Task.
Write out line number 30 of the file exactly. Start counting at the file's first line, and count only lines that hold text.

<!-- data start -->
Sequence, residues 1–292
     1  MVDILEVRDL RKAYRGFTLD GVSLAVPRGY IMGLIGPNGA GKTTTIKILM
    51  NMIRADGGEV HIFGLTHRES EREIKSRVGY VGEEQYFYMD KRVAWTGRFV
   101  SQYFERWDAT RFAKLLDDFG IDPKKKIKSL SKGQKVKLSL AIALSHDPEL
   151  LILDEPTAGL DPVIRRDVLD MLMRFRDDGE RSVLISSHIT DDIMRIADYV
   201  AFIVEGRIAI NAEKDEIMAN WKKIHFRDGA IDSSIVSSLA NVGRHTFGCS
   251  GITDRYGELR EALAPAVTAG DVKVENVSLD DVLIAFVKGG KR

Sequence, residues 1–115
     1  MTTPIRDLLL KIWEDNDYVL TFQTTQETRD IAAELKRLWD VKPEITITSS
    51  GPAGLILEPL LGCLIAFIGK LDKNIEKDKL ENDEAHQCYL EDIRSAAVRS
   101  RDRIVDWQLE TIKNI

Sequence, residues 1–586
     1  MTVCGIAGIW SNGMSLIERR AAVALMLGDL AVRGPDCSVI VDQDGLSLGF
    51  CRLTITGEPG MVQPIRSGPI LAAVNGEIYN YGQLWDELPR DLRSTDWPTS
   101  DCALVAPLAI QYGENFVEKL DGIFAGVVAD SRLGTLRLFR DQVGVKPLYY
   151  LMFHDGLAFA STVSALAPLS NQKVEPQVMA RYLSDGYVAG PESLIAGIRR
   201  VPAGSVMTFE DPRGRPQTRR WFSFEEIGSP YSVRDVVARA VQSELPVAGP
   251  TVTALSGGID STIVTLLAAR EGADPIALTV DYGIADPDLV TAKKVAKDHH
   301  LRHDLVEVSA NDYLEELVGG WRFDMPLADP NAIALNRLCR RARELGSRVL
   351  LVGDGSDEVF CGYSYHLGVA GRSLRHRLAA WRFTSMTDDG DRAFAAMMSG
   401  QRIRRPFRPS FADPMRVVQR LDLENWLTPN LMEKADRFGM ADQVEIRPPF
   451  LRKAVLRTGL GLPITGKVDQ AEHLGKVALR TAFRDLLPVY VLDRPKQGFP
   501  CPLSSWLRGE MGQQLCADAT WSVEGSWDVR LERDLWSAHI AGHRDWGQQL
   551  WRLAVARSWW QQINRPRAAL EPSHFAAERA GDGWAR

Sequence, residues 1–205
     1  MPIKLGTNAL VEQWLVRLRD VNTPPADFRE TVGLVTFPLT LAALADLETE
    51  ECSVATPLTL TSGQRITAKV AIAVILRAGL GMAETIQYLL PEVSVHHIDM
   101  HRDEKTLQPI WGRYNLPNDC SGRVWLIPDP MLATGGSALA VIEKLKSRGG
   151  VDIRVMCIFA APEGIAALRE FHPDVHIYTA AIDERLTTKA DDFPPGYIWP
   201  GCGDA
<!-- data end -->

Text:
   201  GCGDA